During his December 16th address to members of the Italian Periodical Press Union and the Italian Federation of Catholic Weeklies, Pope Francis said that “fake news” is a sin. Although the pontiff did not use the exact term “fake news” — a term which gained popularity in the U.S. during President Trump’s election — he greatly stressed the importance of correct, unbiased reporting.

Pope Francis explained that reporters have a mission to correctly inform constituents of their democratic societies. Their job is to “make complex problems accessible to a wide audience,” he said, so that exchanges of ideas between any and all members of that community are based on accurate facts.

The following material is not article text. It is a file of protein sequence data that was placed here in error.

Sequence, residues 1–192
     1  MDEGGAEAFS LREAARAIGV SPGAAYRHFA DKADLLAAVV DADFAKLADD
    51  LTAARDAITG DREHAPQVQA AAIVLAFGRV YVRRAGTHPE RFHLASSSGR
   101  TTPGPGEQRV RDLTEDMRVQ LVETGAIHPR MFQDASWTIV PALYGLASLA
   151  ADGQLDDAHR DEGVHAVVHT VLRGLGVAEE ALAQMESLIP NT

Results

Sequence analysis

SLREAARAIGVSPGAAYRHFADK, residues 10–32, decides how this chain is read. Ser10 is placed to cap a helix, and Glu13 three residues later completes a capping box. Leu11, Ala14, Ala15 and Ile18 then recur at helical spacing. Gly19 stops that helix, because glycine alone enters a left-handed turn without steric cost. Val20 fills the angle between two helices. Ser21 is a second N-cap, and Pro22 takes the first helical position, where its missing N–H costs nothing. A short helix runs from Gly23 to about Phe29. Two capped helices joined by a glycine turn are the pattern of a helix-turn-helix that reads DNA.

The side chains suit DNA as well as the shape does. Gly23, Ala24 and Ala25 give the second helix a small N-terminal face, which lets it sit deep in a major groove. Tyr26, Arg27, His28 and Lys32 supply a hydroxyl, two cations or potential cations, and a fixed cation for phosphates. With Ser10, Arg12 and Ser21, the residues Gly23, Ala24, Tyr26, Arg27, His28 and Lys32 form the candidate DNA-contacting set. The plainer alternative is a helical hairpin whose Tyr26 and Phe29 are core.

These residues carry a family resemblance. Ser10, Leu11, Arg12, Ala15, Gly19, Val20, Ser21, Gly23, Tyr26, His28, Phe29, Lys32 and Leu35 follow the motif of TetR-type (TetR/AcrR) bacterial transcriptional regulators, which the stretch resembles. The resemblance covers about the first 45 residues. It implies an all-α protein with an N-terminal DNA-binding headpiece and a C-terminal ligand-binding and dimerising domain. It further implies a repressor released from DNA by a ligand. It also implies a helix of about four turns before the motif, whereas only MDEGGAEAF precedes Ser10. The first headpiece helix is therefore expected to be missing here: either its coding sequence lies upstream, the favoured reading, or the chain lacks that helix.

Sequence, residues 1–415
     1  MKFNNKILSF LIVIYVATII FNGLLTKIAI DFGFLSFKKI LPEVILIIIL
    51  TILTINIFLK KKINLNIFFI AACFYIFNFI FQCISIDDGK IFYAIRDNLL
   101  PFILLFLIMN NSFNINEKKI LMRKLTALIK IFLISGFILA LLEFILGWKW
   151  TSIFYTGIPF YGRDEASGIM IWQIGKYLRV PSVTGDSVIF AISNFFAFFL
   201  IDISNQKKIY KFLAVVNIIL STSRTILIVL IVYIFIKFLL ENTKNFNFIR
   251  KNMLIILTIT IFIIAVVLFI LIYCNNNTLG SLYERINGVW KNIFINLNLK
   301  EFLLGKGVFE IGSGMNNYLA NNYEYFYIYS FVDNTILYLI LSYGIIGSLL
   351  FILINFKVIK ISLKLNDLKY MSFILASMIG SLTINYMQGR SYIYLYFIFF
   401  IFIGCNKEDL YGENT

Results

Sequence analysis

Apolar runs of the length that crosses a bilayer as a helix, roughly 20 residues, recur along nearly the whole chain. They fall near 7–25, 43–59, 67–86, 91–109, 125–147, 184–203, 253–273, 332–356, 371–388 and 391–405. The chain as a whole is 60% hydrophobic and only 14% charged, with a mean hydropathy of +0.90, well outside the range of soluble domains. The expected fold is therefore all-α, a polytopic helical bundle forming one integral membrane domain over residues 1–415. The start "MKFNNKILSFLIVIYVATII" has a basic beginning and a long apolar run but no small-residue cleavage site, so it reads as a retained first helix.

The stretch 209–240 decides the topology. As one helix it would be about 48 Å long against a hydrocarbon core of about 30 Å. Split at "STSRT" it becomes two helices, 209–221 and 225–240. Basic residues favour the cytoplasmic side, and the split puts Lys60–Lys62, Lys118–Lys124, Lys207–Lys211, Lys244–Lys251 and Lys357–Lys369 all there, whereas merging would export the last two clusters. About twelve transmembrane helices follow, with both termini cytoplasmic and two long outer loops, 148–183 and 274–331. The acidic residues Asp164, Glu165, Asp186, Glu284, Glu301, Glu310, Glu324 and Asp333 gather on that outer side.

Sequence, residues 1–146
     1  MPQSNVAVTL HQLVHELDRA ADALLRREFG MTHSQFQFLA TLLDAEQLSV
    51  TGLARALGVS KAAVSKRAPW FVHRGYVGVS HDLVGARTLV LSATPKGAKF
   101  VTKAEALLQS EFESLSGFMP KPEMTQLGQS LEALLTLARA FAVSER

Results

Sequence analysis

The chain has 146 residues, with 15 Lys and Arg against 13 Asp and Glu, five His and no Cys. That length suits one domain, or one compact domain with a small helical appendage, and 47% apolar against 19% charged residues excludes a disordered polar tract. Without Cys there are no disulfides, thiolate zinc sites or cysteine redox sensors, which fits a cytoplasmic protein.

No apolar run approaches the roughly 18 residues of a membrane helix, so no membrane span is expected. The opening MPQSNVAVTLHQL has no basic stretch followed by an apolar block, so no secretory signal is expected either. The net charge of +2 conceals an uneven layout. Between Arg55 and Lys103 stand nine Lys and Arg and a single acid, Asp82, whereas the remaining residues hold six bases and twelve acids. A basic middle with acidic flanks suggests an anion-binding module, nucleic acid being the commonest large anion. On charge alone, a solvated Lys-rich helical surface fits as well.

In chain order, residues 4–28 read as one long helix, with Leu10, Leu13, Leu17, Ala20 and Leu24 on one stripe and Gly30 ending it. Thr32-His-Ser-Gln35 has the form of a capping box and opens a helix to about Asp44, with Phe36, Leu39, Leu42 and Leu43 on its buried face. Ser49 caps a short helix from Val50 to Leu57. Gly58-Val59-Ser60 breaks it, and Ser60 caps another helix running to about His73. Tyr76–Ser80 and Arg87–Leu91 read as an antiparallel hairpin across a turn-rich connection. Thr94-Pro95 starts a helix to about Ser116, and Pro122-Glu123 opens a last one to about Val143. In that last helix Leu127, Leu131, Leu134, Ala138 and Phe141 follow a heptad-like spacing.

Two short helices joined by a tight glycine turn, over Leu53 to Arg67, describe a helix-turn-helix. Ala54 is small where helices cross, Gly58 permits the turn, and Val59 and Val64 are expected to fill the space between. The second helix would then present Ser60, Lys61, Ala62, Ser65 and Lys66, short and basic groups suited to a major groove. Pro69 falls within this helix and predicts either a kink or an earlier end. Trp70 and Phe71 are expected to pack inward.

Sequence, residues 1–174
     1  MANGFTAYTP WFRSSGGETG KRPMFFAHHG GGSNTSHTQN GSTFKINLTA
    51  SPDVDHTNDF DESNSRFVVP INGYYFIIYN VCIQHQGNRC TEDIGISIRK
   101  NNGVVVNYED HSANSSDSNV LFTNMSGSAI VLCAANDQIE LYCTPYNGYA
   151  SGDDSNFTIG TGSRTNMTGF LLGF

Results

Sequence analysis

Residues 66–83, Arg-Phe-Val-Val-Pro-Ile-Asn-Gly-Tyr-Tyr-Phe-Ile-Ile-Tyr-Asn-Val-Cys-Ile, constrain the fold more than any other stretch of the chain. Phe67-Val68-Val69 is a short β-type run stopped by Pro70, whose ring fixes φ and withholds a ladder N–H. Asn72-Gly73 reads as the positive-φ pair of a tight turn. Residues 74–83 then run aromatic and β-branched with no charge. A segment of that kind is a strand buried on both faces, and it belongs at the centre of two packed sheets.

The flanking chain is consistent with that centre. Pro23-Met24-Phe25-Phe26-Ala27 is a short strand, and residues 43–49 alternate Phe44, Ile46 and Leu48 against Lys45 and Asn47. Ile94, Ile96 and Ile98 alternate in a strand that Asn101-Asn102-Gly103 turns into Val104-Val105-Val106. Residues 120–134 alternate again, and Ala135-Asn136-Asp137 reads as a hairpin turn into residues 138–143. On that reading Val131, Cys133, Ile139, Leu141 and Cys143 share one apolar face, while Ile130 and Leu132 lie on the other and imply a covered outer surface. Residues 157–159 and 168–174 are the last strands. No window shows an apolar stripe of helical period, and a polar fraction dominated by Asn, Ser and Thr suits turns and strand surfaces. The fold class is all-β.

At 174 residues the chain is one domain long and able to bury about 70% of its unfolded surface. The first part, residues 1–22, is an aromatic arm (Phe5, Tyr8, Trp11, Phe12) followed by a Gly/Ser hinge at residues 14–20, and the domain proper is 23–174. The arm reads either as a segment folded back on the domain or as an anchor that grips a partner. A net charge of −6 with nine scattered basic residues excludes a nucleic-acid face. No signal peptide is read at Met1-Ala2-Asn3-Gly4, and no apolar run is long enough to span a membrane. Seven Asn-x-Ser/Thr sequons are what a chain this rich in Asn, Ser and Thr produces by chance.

By reporting accurate facts, and refraining from shock tactics, journalists and their respective outlets are less likely to be accused of perpetuating “fake news.” Pope Francis stated,

Most people would agree with Pope Francis’s condemnation of fake news. But unfortunately, especially here in the currently divided U.S., the argument about which news is fake news seems never-ending.

If all news sources on each side of the debate fully commit to Pope Francis’s call to action, our country could shift toward a less volatile state.

The Pope should not have to provide warning about the dangers of false reporting — reporters and citizens alike should be versed in those dangers by now. But perhaps now that he has, the issue of fake news will be taken more seriously.